Two useful papers from the Journal of Interactive Media in Education (JIME): Developing a Strategic Approach to MOOCs (Ferguson et al), based on a meta-analysis of publications from the 29 UK universities connected to the FutureLearn; and Accessibility of MOOCs: Understanding the Provider Perspective (Iniesto et al), based on semi-structured interviews with MOOC platform accessibility managers, software developers, designers and accessibility researchers.

edX has published a list of its top ten most popular MOOCs for 2016, based on learner ratings.  They come from ten different providers and five of the titles relate to computer science.

And as if simple top ten lists weren’t enough, Coursera also provides us with a graph showing which MOOCs are more popular with those in red or blue US states.  Conclusive proof that every US educator, vet and medic is Republican while the computing community is staunchly Democrat.  Who knew?  Who cared?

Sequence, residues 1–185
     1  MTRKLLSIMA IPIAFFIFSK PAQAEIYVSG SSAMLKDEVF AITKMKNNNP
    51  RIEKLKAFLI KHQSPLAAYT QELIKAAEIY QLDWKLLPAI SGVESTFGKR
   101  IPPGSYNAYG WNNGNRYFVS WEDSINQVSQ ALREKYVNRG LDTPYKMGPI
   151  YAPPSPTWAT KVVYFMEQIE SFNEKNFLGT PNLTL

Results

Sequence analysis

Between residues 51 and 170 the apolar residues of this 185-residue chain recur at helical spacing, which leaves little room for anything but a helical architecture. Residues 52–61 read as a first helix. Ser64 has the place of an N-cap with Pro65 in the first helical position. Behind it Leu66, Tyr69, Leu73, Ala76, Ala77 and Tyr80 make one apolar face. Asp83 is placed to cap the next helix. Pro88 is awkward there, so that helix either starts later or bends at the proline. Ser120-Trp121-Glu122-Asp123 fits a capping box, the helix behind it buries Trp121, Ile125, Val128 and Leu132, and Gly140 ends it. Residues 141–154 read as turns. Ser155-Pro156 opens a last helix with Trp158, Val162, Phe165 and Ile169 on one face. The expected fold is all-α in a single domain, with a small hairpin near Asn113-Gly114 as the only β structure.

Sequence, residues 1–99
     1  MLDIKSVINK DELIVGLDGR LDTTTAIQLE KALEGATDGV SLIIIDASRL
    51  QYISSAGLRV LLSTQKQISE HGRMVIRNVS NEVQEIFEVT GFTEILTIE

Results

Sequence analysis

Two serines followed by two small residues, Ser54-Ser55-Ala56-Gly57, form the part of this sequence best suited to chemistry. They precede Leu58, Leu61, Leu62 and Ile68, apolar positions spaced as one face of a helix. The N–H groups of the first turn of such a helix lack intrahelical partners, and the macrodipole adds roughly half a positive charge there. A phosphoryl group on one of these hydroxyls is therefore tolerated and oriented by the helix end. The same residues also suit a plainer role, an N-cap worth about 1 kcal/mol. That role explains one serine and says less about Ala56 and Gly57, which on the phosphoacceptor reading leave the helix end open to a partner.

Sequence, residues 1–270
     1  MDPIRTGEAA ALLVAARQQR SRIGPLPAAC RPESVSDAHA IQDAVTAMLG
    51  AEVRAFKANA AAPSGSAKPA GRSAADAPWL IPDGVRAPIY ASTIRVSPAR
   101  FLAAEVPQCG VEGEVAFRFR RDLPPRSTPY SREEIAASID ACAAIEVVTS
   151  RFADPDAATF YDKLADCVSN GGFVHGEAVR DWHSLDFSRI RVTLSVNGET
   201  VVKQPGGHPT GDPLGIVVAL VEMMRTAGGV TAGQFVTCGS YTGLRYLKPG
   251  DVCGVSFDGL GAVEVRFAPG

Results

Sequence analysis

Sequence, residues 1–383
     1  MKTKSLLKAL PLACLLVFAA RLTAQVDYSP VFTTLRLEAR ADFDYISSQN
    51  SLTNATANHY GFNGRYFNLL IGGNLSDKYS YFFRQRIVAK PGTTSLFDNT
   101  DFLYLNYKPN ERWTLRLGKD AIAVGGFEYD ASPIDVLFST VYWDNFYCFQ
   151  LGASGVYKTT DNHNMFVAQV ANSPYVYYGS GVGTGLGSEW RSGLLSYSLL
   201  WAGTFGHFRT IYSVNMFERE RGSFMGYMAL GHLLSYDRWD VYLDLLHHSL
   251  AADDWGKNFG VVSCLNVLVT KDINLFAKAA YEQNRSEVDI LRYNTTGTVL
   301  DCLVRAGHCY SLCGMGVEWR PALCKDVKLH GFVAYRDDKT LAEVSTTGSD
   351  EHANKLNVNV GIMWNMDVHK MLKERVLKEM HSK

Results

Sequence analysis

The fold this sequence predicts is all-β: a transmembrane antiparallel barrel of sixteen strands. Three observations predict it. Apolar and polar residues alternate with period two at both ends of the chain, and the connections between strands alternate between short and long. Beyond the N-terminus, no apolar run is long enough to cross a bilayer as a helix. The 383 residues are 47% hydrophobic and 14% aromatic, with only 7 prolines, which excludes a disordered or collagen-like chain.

And Coursera also celebrated its 100,000,000th enrolment on 9 Dec – with a learner in Canada signing up for Peking University’s Advanced Neurobiology MOOC. 

EADTU are trying to build up a picture of European HEI approaches to MOOCs.  If you have time, please spend 15 mins completing their survey, which now closes on 1 Feb.

I was going to report on Zion Market Research’s Global MOOC Market Analysis, but then I read their assessment that “Key players in the global massive open online course market are Instructure, Coursera, Iversity, Udacity and Miriada X.  Other major players include Open2Study, Novoed, Blackboard, Futurelearn and Edx” and decided not to bother.


Commercial News

[The Pie; Steve Parkinson]